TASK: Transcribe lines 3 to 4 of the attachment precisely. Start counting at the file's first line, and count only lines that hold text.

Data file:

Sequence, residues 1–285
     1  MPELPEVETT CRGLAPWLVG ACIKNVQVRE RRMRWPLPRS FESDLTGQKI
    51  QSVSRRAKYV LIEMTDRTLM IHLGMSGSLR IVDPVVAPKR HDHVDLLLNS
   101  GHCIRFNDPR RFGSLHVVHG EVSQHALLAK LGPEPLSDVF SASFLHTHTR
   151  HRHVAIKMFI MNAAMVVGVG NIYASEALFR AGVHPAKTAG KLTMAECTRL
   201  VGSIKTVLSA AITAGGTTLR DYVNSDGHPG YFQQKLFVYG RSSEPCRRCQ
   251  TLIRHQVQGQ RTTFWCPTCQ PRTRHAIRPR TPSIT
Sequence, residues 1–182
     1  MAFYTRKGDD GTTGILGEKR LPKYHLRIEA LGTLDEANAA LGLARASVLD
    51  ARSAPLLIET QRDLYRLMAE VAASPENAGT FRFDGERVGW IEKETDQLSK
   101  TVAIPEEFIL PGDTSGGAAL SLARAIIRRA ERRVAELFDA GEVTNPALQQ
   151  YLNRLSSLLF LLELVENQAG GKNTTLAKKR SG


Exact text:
    51  QSVSRRAKYV LIEMTDRTLM IHLGMSGSLR IVDPVVAPKR HDHVDLLLNS
   101  GHCIRFNDPR RFGSLHVVHG EVSQHALLAK LGPEPLSDVF SASFLHTHTR